As used herein the term card includes any type of portable transponder. The wireless portable transponder, a card and/or tag, may have a dual purpose, that is it may act as a magnetic swipe card while also having the RFID identification.
In order to protect the privacy of the person 110, the card is placed within the shielded carrying case or enclosure 115 where the shielded case or enclosure may be a wallet, pocketbook, handbag, briefcase and the like. The shielding of case or enclosure 115 may line the entire carrying case or enclosure or be only a part of the carrying case or enclosure in order to prevent RF radiation 160 from reaching card 120. The shielding material may be copper, aluminum, mu metal, MetglasŪ or a combination thereof to list the most common materials generally used for shielding.
It is well known by those skilled in the art that magnetic shielding can be accomplished through the use of mu metal, MetglasŪ, or any high permeable magnetic material that has a reasonable coercivity, that is greater than several Oersteds. Mu metal is the generic name for materials that have a very high magnetic permeability. Both mu metal and MetglasŪ are alloy compositions which are basically permalloy or nickel-iron with varying amounts of cobalt, boron and other trace materials. In addition, these materials are designed to have exceedingly high permeabilities, on the order of 10 thousand to 1 million. Therefore, a circuit surrounded by such material can readily be protected from magnetic radiation depending on the thickness of the alloy, the alloy's coercive force, i.e. magnetic field, required to bring the material to a value of zero magnetization in a hysteresis loop) and the strength of the incoming radiation. There now exist special MetglasŪ formulations that have a high coercive force so that both these materials as well as mu metal can be used in thicknesses of greater than 0.001 cm to shield magnetic fields, reducing the incident field by 1 to 5 orders of magnitude depending on the thickness of the material. Where thicker material is used, the lower is the frequency of the electromagnetic wave incident on the card that may be shielded.
In general, the attenuation of an electromagnetic wave incident on a metal is given in terms of the skin depth of the material, δ (cm)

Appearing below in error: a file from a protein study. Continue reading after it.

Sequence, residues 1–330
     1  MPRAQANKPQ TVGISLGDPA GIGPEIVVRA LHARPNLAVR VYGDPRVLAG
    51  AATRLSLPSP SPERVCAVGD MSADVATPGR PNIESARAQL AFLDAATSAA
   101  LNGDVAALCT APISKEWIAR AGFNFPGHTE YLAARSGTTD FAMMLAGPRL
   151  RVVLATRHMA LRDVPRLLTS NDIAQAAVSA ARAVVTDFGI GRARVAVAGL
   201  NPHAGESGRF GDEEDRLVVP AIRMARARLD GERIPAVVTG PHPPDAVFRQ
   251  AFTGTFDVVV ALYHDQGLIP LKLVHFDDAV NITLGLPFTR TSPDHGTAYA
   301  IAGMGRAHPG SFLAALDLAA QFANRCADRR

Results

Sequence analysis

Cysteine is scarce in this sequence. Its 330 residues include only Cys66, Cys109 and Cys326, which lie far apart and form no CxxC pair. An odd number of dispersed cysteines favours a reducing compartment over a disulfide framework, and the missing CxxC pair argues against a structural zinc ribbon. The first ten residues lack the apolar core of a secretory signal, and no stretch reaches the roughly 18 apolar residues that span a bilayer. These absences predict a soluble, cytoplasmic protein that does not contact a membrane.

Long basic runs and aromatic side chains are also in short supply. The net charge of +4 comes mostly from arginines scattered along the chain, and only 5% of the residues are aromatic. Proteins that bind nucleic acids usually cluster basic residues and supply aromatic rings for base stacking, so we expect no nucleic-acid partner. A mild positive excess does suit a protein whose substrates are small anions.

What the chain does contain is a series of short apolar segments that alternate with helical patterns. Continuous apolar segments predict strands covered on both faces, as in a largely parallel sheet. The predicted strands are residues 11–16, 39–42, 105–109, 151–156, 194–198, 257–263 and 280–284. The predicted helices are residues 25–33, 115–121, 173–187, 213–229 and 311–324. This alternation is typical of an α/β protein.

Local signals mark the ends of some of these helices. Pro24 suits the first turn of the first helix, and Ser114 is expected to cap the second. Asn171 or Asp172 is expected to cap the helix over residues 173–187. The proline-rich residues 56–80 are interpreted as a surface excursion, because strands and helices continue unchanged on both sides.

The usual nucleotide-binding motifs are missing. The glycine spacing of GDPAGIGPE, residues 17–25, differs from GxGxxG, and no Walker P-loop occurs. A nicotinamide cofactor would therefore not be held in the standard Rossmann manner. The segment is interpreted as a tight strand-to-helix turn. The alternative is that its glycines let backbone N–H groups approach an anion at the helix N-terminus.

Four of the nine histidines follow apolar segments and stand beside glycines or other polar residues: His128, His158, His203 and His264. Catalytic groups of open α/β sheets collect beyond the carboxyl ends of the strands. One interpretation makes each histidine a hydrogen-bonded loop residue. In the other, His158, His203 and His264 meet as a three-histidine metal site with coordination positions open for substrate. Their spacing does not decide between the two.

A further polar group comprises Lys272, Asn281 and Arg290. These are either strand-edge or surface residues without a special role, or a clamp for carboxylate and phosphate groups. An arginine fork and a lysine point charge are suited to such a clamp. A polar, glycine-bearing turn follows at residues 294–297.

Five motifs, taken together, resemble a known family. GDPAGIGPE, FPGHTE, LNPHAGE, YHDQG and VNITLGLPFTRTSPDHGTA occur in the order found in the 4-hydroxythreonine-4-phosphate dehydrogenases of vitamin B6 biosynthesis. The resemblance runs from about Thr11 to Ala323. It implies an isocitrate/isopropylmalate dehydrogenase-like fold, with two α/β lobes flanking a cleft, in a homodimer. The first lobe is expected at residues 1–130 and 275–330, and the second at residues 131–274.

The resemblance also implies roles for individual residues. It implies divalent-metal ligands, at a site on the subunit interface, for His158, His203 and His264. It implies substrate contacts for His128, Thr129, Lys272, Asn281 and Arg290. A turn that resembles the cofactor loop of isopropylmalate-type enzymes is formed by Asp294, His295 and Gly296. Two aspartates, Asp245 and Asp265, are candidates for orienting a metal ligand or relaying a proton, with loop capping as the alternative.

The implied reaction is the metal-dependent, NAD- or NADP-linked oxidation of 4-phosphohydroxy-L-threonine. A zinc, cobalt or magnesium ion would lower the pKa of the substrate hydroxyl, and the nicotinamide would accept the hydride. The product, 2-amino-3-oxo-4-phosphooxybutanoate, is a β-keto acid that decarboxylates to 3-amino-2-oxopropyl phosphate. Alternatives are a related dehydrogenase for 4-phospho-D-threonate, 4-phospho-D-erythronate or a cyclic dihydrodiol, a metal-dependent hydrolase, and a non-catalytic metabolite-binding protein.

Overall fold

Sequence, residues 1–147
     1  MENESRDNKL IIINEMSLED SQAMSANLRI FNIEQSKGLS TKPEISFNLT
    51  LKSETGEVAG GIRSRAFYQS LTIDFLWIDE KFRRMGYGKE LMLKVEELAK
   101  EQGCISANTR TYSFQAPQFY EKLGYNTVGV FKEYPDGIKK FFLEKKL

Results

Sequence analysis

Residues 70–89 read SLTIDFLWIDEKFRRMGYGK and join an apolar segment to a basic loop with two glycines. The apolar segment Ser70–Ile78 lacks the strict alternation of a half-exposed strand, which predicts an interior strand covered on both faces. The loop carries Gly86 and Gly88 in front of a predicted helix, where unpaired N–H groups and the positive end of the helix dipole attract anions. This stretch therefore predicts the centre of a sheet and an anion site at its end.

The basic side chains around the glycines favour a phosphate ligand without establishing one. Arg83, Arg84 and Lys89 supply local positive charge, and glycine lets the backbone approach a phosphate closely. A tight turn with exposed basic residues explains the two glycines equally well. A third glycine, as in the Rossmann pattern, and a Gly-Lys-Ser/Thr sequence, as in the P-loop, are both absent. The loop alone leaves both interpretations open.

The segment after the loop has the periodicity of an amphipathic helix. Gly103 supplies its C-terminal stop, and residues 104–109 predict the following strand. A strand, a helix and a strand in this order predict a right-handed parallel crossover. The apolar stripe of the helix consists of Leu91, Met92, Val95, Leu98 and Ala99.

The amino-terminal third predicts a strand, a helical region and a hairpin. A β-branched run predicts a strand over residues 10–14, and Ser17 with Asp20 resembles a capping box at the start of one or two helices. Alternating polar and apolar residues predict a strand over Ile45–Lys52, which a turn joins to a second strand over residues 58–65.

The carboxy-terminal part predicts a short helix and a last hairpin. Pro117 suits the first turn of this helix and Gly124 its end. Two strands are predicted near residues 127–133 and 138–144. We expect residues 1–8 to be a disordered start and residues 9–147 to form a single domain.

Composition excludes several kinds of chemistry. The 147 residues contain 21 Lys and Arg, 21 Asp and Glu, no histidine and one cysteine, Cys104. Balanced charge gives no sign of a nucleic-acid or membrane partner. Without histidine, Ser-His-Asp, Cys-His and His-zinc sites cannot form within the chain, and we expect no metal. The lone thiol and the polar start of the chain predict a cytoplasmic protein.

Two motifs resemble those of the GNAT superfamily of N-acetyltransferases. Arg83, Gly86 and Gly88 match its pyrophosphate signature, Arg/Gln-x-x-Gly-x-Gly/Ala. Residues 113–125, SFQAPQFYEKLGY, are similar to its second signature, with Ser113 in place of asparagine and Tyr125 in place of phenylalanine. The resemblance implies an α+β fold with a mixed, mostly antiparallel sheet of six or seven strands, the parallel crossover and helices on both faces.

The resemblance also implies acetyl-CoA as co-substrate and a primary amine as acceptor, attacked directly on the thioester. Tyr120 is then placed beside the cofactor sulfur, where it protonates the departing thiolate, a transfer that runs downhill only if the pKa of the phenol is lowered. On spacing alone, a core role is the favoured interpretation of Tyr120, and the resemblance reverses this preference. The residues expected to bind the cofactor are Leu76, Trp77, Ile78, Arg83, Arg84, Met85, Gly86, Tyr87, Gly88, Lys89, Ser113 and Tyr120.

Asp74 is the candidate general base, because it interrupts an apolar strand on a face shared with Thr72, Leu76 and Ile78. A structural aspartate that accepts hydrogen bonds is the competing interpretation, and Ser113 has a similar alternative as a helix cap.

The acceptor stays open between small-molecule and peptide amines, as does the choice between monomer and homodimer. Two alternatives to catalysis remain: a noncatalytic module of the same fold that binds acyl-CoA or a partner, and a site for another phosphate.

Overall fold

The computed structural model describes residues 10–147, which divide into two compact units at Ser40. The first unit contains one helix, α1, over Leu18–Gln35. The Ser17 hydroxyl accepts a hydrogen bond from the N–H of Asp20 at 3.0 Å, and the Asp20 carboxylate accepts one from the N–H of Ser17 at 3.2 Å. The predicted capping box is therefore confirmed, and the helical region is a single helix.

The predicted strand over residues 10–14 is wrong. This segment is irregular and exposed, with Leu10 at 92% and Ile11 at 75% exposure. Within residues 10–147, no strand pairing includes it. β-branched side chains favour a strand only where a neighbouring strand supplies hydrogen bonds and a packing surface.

where ω, σ, μ are respectively, the angular frequency of the incident wave, electrical conductivity, and permeability of the shielding material. δ represents the depth, skin depth, within the shield at which the incident field has fallen to 37 percent of its incident value. Thus, for a depth equal to three skin depths into a shielding material, the incident field is reduced by 95 percent leaving 5 percent of the original field.
Electric Field Shielding: To obtain an understanding of the thickness of shielding material required for the present invention one can scale skin depth values from copper as taken from J. A. Stratton, ‘Electromagnetic Theory’ McGraw Hill, pg 504 (1941). For an angular frequency of ˜6000 radians/s, about 1 kHz, δ=0.21 cm.
Although the invention is suitable for any frequency wherein transponders operate, our most particular interest ranges presently in frequencies from around 100 kHz to 5.8 GHz. Wireless cards that are coupled through the electric component of the EM field operate at frequencies above 100 MHz, typically at 434 MHz, 915 MHz (869 MHz in Europe), or at microwave frequencies of 2.45 GHz and above. However, as a worst case example, we can consider the case of a card coupling to the electric field at 100 kHz. The skin depth for copper at 100 kHz is 0.02 cm using equation (1) and the reference cited above. Thus, an easily realizable 0.06 cm thickness of copper will shield an electric field coupled card operating at 100 kHz. At 14.56 MHz, 0.006 cm of copper is all that is required. This thickness will also be effective at all of the higher frequencies, 434 MHz and above, where electric field coupling is generally used. Typically we would use a copper thickness of 0.02 to 0.05 cm, at least an order of magnitude more than is needed, to attenuate any interrogation signal at 14.56 MHz and above.
Electric and Magnetic Field Shielding: Generally RFID cards that use magnetic coupling operate at frequencies of about 100 kHz to 14.56 MHz. To provide shielding, we employ mu metal or a MetglasŪ with relatively high coercive force (greater than 10 Oersteds). Using a value for the permeability of 105 and a conductivity that is 1/50 that of copper, we obtain a value for δ of no more than about 10−4 cm. Thus, a mu metal thickness of about 10−3 cm or greater would work as a shield for any frequency at or above 100 kHz.
In an alternate embodiment, non metallic materials may be used to shield a wireless card, tag, or transponder from being interrogated. These materials are absorbers of radio waves. Radio wave absorbing materials are manufactured by TDK RF Solutions Inc. (www.emc-automation.com).
The shielded carrying case invention can also be used to shield a portable transponder having a memory or circuit. Typically, the memory is a memory selected from a group of memories including: an electrical circuit and antenna, said antenna electrically coupled to said circuit; magnetic device; resonant structure; micromechanical device; non-electrical circuit memory device; and any combination of these circuits.
Typically, the transponder is one of the following: a credit card, a debit card, a fob, a transaction card, and a swipeable card. The transponder is typically carried by a person in order for a transaction to be performed. The transaction includes any giving and/or taking information to/from the card.